Atlanta's Bill Anschell was singer Nnenna Freelon's musical director for four years before moving on to performing and recording on his own. His A Different Note All Together was named one of the ten best jazz albums of the year in 1998 by United Press International. The play list is dominated by the pianist's originals with a smattering of tunes by others. With regard to the original material, Anschell manages to stay devoted to melody with a twist, and on occasion he shatters with percussive intrusions by Woody Williams without blinking an eye as he continues on with the melody line, as on "One More Mile," a very attractive cut. His "If It Isn't One Thing" is a just-under-control swinger as he uses the whole keyboard for dazzling technical display, again with shots coming from the assorted percussion instruments wielded by Williams. This is also a slot for a fine solo by Rodney Jordan, who plays bass on six cuts, while on the other four, the job is taken over by Neal Starkey. Anschell's novel use of percussion continues with "Dear Old Stockholm," as this time, instead of playing off each other, Williams' percussion is integrated more into the performance. Randy Weston's "Little Niles" could have easily been subtitled "variations of a theme," as for more than nine minutes, Anschell explores each crevice of this tune by the Thelonious Monk-influenced pianist and composer. It would be difficult to find an album which inventively merges the percussive ingredients of piano and other members of that instrumental family in such an inventive manner as Anschell achieves. This album is highly recommended. Anschell also produces the widely syndicated radio show Jazz South Radio and has authored two books.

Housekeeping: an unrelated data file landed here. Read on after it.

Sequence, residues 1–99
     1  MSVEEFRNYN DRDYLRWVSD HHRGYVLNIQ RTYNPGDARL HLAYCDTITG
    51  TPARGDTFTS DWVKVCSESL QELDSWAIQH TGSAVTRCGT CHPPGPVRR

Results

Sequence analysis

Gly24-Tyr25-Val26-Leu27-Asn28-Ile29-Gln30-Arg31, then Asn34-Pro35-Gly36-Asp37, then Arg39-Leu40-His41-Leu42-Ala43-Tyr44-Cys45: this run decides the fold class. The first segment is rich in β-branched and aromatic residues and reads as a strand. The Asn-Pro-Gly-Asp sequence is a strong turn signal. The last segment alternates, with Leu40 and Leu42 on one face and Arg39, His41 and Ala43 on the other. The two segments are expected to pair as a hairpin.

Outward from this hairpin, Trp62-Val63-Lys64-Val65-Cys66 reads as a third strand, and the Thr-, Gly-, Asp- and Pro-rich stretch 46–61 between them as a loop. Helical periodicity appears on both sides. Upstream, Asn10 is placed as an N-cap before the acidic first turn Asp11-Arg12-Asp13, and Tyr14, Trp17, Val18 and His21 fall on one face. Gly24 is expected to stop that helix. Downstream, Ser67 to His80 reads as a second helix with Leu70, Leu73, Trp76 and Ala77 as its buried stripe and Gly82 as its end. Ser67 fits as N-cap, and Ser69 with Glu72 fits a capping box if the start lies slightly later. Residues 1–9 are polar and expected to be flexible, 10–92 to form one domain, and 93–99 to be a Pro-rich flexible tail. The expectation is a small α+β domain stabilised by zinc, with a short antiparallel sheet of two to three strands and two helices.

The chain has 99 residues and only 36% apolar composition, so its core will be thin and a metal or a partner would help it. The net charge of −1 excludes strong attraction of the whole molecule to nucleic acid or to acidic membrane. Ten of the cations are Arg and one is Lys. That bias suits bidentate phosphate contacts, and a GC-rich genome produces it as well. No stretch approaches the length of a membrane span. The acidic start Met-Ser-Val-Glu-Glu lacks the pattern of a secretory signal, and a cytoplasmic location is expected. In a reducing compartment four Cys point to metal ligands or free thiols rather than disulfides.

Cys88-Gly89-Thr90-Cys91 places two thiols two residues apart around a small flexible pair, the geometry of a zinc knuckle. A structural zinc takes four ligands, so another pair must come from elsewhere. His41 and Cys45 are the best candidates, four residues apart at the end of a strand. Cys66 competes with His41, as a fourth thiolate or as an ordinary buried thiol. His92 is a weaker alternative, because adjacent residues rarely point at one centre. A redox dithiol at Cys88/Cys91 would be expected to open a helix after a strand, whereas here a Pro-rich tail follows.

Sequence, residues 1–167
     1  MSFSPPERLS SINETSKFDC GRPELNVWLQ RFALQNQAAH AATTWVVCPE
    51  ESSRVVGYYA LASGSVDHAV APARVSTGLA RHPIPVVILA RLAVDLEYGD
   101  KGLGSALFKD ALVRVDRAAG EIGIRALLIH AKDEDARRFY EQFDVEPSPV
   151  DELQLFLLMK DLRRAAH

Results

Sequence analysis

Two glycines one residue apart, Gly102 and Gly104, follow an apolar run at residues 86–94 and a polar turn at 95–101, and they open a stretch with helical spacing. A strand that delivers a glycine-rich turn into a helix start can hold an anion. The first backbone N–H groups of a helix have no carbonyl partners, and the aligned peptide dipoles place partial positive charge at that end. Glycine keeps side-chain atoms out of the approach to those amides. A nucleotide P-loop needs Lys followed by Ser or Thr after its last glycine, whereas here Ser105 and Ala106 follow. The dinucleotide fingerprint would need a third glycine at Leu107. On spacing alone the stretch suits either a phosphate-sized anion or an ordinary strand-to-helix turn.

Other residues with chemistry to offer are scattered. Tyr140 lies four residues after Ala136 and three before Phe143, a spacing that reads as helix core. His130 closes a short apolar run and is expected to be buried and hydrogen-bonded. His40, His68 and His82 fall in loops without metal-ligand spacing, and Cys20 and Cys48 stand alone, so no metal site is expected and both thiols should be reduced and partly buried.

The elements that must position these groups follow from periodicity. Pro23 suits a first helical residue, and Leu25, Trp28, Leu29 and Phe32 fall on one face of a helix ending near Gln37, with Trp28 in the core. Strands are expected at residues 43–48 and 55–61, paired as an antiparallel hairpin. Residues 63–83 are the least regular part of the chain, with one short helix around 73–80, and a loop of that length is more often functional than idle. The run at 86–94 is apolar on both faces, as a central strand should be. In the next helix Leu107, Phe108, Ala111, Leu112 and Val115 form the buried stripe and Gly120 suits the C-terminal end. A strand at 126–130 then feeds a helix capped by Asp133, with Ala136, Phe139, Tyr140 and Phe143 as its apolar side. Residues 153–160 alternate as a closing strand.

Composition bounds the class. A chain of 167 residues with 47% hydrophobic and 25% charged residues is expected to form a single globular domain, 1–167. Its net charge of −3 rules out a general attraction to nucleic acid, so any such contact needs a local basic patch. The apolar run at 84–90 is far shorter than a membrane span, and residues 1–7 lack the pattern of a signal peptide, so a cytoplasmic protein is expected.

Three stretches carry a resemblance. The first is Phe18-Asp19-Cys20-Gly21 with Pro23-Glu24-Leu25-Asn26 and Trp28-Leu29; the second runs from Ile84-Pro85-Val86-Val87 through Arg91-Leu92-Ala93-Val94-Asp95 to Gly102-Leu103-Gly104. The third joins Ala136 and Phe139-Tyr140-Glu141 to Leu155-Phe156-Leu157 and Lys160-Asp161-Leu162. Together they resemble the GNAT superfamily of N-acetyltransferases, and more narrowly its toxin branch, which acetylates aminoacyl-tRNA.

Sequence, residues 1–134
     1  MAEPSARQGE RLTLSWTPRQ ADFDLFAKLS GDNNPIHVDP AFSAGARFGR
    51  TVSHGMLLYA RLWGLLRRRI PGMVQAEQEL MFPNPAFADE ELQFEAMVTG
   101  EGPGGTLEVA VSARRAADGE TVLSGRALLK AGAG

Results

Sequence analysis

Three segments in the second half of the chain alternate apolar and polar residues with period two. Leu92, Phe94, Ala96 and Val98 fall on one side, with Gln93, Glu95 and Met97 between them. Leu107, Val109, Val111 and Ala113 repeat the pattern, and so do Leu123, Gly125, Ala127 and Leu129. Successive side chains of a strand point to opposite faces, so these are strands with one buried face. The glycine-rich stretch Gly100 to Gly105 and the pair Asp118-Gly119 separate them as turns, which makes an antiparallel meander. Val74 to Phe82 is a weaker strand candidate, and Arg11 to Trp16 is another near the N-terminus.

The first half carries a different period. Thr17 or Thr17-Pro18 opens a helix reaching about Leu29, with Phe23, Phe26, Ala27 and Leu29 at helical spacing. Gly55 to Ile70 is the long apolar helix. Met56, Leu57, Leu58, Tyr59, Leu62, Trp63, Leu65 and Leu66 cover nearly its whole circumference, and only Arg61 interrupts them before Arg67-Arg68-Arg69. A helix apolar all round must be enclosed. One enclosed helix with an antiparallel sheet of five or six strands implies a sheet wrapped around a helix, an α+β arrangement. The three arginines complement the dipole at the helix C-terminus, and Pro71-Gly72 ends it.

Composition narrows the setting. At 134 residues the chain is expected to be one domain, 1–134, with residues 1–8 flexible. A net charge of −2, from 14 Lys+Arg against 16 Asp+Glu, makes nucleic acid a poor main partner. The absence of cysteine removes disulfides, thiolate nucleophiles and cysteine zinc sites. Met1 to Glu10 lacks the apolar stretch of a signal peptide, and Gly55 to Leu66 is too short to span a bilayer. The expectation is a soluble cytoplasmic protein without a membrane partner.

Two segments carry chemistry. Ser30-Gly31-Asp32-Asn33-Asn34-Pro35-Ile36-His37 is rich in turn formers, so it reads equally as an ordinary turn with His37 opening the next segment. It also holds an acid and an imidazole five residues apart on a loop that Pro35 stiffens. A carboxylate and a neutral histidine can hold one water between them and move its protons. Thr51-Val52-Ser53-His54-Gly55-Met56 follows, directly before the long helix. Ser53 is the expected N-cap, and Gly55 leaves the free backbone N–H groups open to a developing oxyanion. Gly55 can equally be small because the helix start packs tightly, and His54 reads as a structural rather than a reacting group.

Share this page
AllMusic Review by Dave Nathan